May 14, 2007
Analog Cassette is my favorite format.
cassettes as played through a correctly aligned Nakamichi sound so
real! I listen to recordings in most formats, Reel to Reel, Cassette,
LP, CD, SACD and DVD-Audio I get the most Goosebumps from Cassettes.
Cassettes have a midrange purity, especially through tubes that
offers the most realistic portrayal of the human voice, musical
instruments, soundstaging, and accurate deep, deep bass I have
ever heard. And even in the high frequencies where Cassettes are
traditionally challenged they usually not so on a Nakamichi. On my
Nakamichi the high frequency response is superior to CD and even
sometimes SACD and DVD-Audio and is only surpassed by 7½ IPS Reel and
Reel and audiophile LPs.
Finally CD without pain and how it sounds compared to other formats.
have finally gotten "some" CD playback that is listenable without pain.
The very best CDs (there are so few) are often quite enjoyable as well.
As far as digital, the better SACDs can often get about 80% of the
glory of the best analog.
In my system, the best sound (on average) is as follows:
Real Time duplicated 7½ IPS pre-recorded Reel to Reel tape such as
those by Sound Ideas, Ambisonic, Sonic and Direct To Tape Company. 15
IPS would be even better but I can't play 15 IPS, all four of the above
companies also made 2 Track 15 IPS reels.
2) The better audiophile LPs from real audiophile companies such as Reference Recordings, Speakers Corner, Analogue Productions, Classic Records, etc.
Real Time duplicated audiophile Cassettes such as MFSL, Aesthetic
Audio, Audible Images, Sound Ideas, In Sync Laboratories, etc.
4) Most slow speed duplicated pre-recorded Reel to Reels from the mid 50's to 1960's.
5) The better SACDs especially from DSD or Analog masters.
6) The better DVD-Audios from 24Bit 96kHz or 192kHz PCM masters or analog masters.
7) The better pre-recorded commercial cassettes.
8) The later 1970's pre-recorded Reel to Reels.
9) The better "decoded" HDCD CDs especially from Reference Recordings.
10) The better commercial LPs.
11) SACDs from low resolution 24 Bit 48kHz PCM or lower masters.
12) DVD-Audios from low resolution 24 Bit 48kHz PCM or lower masters.
13) The better CDs especially those from Telarc, Reference Recordings (non-HDCD), etc.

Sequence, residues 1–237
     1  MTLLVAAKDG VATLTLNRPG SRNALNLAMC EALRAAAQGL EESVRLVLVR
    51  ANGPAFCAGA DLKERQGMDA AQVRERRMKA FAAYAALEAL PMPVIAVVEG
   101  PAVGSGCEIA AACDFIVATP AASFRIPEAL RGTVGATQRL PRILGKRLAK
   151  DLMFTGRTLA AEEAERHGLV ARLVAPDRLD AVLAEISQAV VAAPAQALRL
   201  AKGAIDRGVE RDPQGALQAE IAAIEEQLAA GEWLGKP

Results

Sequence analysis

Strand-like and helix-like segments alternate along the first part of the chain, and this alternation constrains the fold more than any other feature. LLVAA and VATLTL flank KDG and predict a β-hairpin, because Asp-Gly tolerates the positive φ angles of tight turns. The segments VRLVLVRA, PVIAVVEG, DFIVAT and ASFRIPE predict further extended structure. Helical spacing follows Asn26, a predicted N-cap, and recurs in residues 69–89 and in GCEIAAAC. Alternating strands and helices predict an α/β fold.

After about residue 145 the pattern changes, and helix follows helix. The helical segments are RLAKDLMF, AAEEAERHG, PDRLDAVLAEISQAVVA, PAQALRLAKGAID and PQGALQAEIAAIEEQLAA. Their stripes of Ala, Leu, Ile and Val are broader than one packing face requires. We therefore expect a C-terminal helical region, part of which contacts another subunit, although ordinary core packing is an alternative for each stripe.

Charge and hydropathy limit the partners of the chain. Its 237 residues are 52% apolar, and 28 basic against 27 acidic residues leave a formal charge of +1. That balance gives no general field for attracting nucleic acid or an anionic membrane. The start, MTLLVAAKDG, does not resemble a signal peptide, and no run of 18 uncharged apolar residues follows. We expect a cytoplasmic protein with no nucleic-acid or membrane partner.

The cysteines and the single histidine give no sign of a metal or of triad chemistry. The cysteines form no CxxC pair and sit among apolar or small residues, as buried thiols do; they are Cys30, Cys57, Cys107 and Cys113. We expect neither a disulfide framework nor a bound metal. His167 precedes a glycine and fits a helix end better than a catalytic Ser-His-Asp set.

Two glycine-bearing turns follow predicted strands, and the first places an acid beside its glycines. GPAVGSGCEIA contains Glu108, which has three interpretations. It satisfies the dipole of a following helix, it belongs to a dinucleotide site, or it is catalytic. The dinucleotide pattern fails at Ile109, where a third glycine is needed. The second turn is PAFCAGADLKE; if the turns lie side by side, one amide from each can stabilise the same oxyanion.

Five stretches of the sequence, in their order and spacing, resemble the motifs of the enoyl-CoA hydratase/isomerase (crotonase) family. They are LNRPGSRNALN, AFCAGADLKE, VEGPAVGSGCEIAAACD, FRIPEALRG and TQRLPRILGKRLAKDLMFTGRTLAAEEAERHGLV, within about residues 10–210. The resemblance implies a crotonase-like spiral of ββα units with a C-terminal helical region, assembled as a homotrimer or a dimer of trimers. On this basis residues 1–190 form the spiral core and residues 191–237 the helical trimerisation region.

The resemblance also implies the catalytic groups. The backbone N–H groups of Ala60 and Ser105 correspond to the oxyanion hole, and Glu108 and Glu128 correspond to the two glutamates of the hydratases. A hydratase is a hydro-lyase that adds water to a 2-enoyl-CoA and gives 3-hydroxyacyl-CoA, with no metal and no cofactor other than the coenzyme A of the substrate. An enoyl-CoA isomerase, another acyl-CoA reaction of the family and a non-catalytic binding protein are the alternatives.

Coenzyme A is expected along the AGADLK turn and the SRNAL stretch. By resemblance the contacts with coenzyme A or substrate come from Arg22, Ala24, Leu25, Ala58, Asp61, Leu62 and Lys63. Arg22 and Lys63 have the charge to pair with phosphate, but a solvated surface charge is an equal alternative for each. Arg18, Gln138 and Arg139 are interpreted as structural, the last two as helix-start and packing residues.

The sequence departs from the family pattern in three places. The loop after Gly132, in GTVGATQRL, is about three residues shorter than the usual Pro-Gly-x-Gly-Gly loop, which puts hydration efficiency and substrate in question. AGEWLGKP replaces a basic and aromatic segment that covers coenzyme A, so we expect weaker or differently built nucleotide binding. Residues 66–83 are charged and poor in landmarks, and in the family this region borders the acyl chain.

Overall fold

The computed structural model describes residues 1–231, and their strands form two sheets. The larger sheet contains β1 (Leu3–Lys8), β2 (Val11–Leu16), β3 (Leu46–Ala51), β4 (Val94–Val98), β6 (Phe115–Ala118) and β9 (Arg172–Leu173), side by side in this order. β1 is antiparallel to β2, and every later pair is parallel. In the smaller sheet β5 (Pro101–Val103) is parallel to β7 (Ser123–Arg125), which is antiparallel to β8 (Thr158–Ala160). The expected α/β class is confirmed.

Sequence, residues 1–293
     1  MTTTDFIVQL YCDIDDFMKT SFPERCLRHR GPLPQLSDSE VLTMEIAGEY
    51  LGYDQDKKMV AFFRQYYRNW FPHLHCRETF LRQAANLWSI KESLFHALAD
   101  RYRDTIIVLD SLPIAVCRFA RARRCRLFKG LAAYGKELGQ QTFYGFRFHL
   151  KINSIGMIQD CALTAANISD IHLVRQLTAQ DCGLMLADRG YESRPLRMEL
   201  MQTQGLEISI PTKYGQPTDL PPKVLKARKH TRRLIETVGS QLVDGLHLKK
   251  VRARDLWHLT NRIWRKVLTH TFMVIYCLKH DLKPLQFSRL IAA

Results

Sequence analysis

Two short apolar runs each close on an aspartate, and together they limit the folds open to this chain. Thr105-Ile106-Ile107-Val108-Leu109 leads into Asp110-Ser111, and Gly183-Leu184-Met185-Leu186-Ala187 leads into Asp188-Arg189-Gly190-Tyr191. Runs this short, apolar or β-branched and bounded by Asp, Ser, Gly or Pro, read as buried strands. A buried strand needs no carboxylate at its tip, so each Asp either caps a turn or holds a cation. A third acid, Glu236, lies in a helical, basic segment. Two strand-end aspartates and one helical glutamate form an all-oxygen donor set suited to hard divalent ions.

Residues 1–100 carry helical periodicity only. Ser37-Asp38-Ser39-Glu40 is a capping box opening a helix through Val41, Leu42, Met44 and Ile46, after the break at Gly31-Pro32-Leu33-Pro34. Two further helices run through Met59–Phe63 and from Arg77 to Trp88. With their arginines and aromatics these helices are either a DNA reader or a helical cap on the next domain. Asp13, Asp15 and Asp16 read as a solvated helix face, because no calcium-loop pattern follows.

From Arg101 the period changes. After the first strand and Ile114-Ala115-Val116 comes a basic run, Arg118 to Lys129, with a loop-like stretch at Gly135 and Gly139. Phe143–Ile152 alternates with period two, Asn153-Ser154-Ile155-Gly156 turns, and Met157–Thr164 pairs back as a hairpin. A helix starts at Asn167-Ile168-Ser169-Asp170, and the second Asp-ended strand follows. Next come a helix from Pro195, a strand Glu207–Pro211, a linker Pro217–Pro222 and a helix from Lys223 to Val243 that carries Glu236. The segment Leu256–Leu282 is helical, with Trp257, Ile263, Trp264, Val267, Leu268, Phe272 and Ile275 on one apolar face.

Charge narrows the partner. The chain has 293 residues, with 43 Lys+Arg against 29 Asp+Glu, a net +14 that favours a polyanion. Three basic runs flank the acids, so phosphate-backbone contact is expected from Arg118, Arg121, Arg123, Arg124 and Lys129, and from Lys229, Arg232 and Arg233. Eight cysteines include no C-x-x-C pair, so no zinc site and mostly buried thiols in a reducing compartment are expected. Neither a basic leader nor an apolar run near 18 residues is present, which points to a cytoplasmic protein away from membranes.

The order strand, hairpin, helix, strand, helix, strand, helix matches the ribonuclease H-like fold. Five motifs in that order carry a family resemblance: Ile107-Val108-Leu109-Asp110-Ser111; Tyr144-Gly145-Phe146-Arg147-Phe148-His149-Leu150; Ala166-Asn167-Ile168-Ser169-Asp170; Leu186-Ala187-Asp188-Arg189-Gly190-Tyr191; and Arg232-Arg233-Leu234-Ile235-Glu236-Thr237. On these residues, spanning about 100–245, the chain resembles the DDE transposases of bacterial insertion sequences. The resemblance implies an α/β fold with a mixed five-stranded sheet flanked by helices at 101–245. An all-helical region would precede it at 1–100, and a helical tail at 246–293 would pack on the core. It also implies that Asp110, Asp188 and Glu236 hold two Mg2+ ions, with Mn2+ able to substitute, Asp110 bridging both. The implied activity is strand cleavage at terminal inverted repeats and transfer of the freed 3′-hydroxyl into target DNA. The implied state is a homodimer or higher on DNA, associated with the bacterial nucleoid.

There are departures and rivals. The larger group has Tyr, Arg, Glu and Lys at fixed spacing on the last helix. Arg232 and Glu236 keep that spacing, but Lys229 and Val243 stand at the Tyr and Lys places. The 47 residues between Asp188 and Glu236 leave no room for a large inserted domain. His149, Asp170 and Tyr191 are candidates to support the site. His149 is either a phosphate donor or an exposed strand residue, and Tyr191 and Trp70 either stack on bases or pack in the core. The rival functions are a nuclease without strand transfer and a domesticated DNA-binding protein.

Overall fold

Poorly mastered recordings in any format. LP, Reel to Reel, Cassette,
CD, HDCD, SACD or DVD-Audio. CD seems to have the most poorly mastered
recordings but LP is close behind.
I finally now have listenable and sometimes enjoyable CD playback with
perhaps the top 0.01% of CDs made. The percentage of fantastic LPs is
closer to 1%, and over the years I am getting better at picking the
right ones. The best LPs sound so realistic and with a feeling of
"being there" that even SACD cannot match. The best CDs by comparison
sound like good recordings nothing more. Only the top LPs, Cassettes,
Reel to Reels, SACDs, DVD-Audios and LPs could ever fool me into
believing I am hearing real musicians in my listening room.
very recently I could not find any CD I could listen to on any of the
previous 9 machines I had that played CD including a $1,700.00 Audio
Alchemy DDSIII / Adcom GDA-700 HDCD decoder combo. My Yamaha S-1700
universal finally makes CDs acceptable and often very enjoyable. CD on
any equipment I have every heard playing audiophile recordings cannot
come close to equaling audiophile recordings on LP. Just compare
Reference Recordings HDCDs to the LPs, or Classic Records LPs to the
192kHz DVD-Audios or Groove Note LPs compared to Groove Note SACDs. If
an audiophile SACD and DVD-Audio can't equal an audiophile LP there is
no way in hell a low resolution CD can. But that does not mean that CDs
that have no Analog or High Resolution equivalent cannot be enjoyed
without the usual pain.
don’t like most highly compromised commercial recordings from most or
the major and minor record labels and I truly believe these LPs can
sound as bad as the worst CDs. I never use highly compromised major
label recordings to judge equipment or formats.
are NEVER made when actually enjoying the music. It is afterwards and
over decades when mentally reliving the experiences. In most formats I
got lost in the music and am unable to do it at that time except to
make mental notes on what one format can or cannot do that another can.
In a perfect world I would be able to buy all the music I love on real
time duplicated 15 IPS Reel to Reels at a reasonable price and own a
machine to play them. But since this is not possible every single
format has its own set of compromises I find owning multiple formats my
answer to this dilemma.
for me CDs have been almost impossible to endure, it is only recently
that by some miracle that CD playback took a giant leap forward into
the area of listenability, something I thought was totally impossible
mainly due to CD's brickwall filter and other issues of 44.1kHz. But CD